0:16

- It's a, I guess Computer Science's attempt

Â to mimic a real,

Â the neurons and how our brain actually functions.

Â So 20, 30 years ago a neural network

Â would have some inputs that would come in

Â they would be fed into different processing nodes

Â that would then do some transformation on them

Â and aggregate them or something

Â and then maybe go to another level of nodes

Â and finally some output would come out.

Â And I can remember training a neural network

Â to recognize digits, handwritten digits and stuff.

Â (music)

Â 1:00

So a neural network is trying to use

Â a computer program that will mimic

Â how neurons, how our brains use neurons to process things,

Â brains to synapse, neurons to synapses

Â and building these complex networks that can be trained.

Â So a neural network starts out

Â with some inputs and some outputs

Â and you keep feeding these inputs in

Â to try to see what kinds of transformations

Â will get to these outputs,

Â and you keep doing this over and over and over again

Â in a way that this network should converge

Â so these input, the transformations

Â will eventually get these outputs.

Â The problem with neural networks was that

Â even though the theory was there

Â and they did work on small problems

Â like recognizing handwritten digits and things like that,

Â they were computationally very intensive,

Â and so they went out of favor.

Â I stopped teaching them,

Â well, probably 15 years ago.

Â Then all of a sudden we started hearing about deep learning.

Â I heard the term deep learning.

Â This is another term that

Â when did you first hear it?

Â Fours years ago, five years ago.

Â So I finally said,

Â "What the hell is deep learning?

Â It's really doing all this great stuff.

Â What is it?"

Â I Google it and I find this is neural networks on steroids.

Â What they did was they just had more

Â multiple layers of neural networks

Â and they use lots and lots and lots

Â of computing power to solve them.

Â Just before this interview

Â I had a young faculty member in the marketing department

Â whose research is partially based on deep learning.

Â She needs a computer that has

Â a graphics processing unit in it

Â because it takes an enormous amount of matrix

Â and linear algebra calculations

Â to actually do all of the mathematics

Â that you need in neural networks,

Â but they are now quite capable.

Â We now have neural networks and deep learning

Â that can recognize speech, can recognize people.

Â If you're out there and getting your face recognized

Â I guarantee that NSA has a lot of work

Â going on in neural networks.

Â The University, right now,

Â as Director of Research Computing,

Â I have some small set of machines

Â down at our South Data Center

Â and I went in there last week

Â and there were just piles and piles and piles

Â of cardboard boxes all from Dell with a GPU on the side.

Â Well, a GPU is a graphics processing unit.

Â There is only one application in this University

Â that needs 200 servers,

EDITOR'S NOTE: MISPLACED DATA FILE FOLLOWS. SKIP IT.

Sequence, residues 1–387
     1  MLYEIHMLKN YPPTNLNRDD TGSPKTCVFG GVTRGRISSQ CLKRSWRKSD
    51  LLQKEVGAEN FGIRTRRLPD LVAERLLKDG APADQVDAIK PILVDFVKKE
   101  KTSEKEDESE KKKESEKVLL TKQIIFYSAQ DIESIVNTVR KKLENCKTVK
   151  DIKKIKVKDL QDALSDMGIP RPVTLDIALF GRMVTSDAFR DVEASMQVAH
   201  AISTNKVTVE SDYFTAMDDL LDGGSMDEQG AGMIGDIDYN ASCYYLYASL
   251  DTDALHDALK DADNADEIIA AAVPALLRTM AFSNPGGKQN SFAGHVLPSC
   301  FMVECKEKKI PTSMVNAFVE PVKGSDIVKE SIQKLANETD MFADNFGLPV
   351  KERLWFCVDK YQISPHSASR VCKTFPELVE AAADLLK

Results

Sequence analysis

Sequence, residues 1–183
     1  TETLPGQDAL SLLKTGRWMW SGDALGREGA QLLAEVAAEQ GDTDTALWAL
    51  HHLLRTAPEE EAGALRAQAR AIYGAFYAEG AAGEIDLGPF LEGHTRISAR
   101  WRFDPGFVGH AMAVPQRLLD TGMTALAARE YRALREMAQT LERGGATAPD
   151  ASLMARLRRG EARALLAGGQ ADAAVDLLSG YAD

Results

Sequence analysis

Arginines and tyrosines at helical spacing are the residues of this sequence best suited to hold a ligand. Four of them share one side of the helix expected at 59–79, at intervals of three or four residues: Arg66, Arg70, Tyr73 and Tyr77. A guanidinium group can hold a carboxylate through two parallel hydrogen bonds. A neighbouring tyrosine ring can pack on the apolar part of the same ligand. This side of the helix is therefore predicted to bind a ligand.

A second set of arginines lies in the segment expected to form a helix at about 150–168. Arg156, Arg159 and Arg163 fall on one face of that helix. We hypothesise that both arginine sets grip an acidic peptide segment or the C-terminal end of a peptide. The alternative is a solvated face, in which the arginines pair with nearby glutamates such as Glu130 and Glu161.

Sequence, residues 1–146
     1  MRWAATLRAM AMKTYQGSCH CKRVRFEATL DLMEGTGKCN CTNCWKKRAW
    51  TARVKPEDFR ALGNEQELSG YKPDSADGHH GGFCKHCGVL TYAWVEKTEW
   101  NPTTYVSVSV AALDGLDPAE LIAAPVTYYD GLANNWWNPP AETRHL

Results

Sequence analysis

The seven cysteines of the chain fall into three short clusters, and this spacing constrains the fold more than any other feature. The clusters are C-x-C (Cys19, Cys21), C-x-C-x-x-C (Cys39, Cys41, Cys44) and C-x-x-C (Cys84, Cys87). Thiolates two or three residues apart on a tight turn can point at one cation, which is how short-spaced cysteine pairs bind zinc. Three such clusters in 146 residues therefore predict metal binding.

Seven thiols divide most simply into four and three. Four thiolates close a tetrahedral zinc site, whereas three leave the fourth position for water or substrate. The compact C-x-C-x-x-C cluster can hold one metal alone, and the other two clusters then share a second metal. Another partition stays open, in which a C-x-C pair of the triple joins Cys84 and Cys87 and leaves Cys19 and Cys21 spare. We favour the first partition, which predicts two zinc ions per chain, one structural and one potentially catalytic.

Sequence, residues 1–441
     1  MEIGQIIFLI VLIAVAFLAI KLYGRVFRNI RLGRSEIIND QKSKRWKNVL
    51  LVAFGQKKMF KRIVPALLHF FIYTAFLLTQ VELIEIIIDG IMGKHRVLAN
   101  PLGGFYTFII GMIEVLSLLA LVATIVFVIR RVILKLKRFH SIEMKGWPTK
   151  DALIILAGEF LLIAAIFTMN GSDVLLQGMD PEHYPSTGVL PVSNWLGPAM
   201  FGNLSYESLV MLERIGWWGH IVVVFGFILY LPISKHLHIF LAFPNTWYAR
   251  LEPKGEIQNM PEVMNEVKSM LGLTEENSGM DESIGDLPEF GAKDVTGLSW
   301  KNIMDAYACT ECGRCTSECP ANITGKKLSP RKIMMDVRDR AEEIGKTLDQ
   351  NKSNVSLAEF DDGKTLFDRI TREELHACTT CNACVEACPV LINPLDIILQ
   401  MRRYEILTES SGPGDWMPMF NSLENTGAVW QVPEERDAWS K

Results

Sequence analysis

Â each with graphics processing units in it,

Â and each graphics processing unit

Â has the equivalent of 600 cores of processing,

Â so this is tens of thousands of processing cores.

Â That is for deep learning.

Â I guarantee.

Â (music)

Â 4:12

Some of the first ones are speech recognition.

Â Yann LeCun who teaches the deep learning class at NYU

Â and is also the Head Data Scientist at Facebook

Â comes into class with a notebook

Â and it's a pretty thick notebook.

Â It looks a little odd because it's like this.

Â It's that thick because it has

Â a couple of graphics processing units in it

Â and then he will ask the class

Â to start to speak to this thing

Â and it will train while he's in class,

Â he will train a neural network to recognize speech.

Â So recognizing speech, recognizing people, images,

Â classifying images, almost all of the traditional tasks

Â that neural nets used to work on in little tiny things,

Â now they can do really, really large things.

Â It will learn, on it's own, the difference between

Â a cat and a dog and different kinds of objects.

Â It doesn't have to be taught.

Â It doesn't, it just learns.

Â That's why they call it deep learning,

Â and if you hear, he plays this.

Â If you hear how it recognizes speech and generates speech,

Â it sounds like a baby learning to talk.

Â You can just, you're like

Â (babbles)

Â 5:55

You need to learn some linear algebra.

Â A lot of this stuff is based on matrix

Â and linear algebra, so you need to know how to do,

Â use linear algebra and do transformations.

Â Now, on the other hand,

Â there's now lots of packages out there

Â that will do deep learning

Â and they'll do all the linear algebra for you,

Â but you should have some idea

Â of what is happening underneath.

Â Deep learning, in particular,

Â needs really high powered computational power,

Â so it's not something that you're going to go out

Â and do on your notebook for, you could play with it,

Â but if you really want to do it seriously

Â you have to have some special computational resources.

Â (music)

Â